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Sen. Pat Toomey: The Need in Pennsylvania is Greater Than Ever

111025_Toomey[Editors’ note: For the next few weeks, we’ll be running a series of posts on the Bread Blog about each member of the Super Committee. If you live in Sen. Pat Toomey’s state (Pennsylvania) please share this blog post with your local family and friends, and message Sen. Toomey on his Facebook page or through Twitter.]

For Bob Shearn, the reality of the recession hit home when his wife recently found out that she would be laid off in the middle of November. “It’s very scary,” Shearn says. “Most families today rely on two incomes, not to live a life of ease, but simply to pay the bills. With the increased cost of food, it’s getting harder and harder to make ends meet.”

Shearn lives in Wyoming, PA with his family and serves as a campus minister at King’s College in Wilkes-Barre, PA. Every day, he sees how his community is struggling to survive the recession. As a member of his parish and an activist for hunger and justice issues, Shearn sees how direct-service organizations are being stretched to the limit. “Soup kitchens and clothing stock piles are in greater and greater demand. These little signs show me that the need is greater than ever.”

Recent Census Bureau numbers on Pennsylvania confirm Shearn’s observations. In 2010, more than one in seven families in Pennsylvania lived below the poverty line. Tragically, 20.9 percent of children in the state were at risk of hunger in 2009 (compared to 16.6 percent nationwide). Considering these dire numbers—and the devastation in Pennsylvania from Hurricane Irene this past August—it’s clear that now is not the time to cut entitlement programs such as SNAP (formerly food stamps), the Earned Income Tax Credit (EITC), and the Child Tax Credit (CTC), says Shearn. “Where else can these people turn for help to keep them afloat? They don’t have jobs, and if the services provided by soup kitchens and the like are being stretched to the max, I don’t know where people will turn. To cut these programs would be nothing short of a disaster,” he says.

This is why Shearn and others from Pennsylvania are asking Sen. Pat Toomey (R-PA) to ensure that the Joint Select Committee on Deficit Reduction does not cut these important programs in an attempt to balance the federal budget. Shearn believes that the most vulnerable members of society should have as valuable a voice as the wealthiest citizens of our nation—indeed, that is the essence of democracy. “It’s our government,” Shearn insists. “We so glibly talk about, ‘we the people,’ but this is the people’s money. And we have an obligation as a country, and as a nation, to care for one another—especially those who are unable to care for themselves.”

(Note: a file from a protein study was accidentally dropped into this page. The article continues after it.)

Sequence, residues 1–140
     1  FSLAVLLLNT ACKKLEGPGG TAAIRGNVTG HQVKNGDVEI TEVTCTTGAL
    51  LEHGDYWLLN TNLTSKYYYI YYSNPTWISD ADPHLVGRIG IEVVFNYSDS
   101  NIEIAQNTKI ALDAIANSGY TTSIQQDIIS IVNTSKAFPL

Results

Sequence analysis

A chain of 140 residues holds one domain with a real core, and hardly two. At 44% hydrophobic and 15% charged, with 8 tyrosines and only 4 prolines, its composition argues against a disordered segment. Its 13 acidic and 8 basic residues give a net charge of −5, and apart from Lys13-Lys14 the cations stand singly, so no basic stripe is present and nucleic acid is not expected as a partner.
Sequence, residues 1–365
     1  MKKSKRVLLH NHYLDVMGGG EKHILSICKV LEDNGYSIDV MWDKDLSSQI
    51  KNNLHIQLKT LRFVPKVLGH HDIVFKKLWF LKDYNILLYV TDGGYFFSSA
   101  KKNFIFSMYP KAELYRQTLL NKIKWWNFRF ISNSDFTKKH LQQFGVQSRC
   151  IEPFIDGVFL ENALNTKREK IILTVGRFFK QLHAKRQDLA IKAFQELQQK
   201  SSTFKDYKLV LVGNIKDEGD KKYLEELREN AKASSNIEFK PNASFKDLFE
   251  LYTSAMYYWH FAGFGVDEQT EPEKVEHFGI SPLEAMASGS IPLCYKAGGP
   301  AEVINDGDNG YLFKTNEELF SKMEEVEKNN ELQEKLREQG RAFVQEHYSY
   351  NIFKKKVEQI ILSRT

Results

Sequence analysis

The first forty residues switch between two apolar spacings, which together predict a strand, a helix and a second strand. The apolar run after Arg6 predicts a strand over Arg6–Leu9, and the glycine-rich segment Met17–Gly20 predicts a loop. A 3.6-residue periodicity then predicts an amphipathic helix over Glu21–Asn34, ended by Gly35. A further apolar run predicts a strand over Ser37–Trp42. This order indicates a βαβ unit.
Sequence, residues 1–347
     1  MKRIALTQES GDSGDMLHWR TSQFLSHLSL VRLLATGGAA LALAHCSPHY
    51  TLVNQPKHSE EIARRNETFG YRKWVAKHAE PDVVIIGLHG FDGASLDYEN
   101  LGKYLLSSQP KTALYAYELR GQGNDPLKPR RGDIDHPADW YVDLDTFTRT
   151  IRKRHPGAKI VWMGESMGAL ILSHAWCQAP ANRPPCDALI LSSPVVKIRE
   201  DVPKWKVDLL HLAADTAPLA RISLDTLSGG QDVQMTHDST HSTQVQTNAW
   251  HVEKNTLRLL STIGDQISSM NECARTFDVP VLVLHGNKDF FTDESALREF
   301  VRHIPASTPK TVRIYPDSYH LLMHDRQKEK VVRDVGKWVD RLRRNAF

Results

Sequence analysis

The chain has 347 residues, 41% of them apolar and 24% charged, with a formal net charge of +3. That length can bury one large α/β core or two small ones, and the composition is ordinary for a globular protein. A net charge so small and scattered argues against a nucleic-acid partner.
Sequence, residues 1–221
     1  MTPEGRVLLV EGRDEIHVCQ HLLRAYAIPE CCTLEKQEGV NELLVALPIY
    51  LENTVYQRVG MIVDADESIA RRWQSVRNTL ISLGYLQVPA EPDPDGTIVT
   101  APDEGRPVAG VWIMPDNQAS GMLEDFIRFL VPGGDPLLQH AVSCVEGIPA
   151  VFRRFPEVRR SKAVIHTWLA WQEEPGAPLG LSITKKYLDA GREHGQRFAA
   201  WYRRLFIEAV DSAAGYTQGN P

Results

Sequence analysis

Exercise democracy now by joining your voice with Bob Shearn and other Pennsylvanians to ask Sen. Toomey to form a circle of protection around programs for hungry and poor people; to continue funding for domestic and international programs; and to support those living in his state who are receiving pink slips, looking for jobs, standing in lines at soup kitchens, and doing their best to provide for their families.

Call Sen. Pat Toomey today at 1-800-826-3688.

Official photo of Sen. Pat Toomey.

 

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Comments

Creating a circle of protection around these proven effective programs is the morally right thing to do for his constituents. In the Pittsburgh area over 160,000 people are receiving SNAP benefits to help put food on the family table. Over 16,000 households are participating in WIC. Senator Toomey, be a hero to the hungry and the poor. Protect SNAP, WIC and other vital programs during this budget process. So many seniors, children and struggling families are counting on you.

In Philadelphia, more than one-quarter of the population and one-third of the children live below the federal poverty level. These folks rely on SNAP and WIC to survive. We cannot ask them to shoulder more of the burden of the budget-balancing process. Rather, we must protect the most vulnerable among us by continuing programs that allow those in poverty to feed themselves and their children. Please, do not abandon the many poor and hungry people throughout our state and our nation.

The needs of those living in poverty in north central PA are very real. In spite of the expansion of the gas industry, unemployment has risen in Lycoming County each of the last six months. The recent flooding has devastated the already hard pressed housing situation. At the Son Light House in Muncy - an ecumenical and community supported food pantry - the numbers of families coming for food continue to be high. Son Light House is trying to cope with the cuts to state and federal resources to such programs. A recent shipment of TEFAP (federal food program) was 50% less than before. Food pantries will not be able to offset any cuts to either SNAP or WIC. Young families are already asking for help especially with infant formula. We are all called to love our neighbors - especially those most in need.

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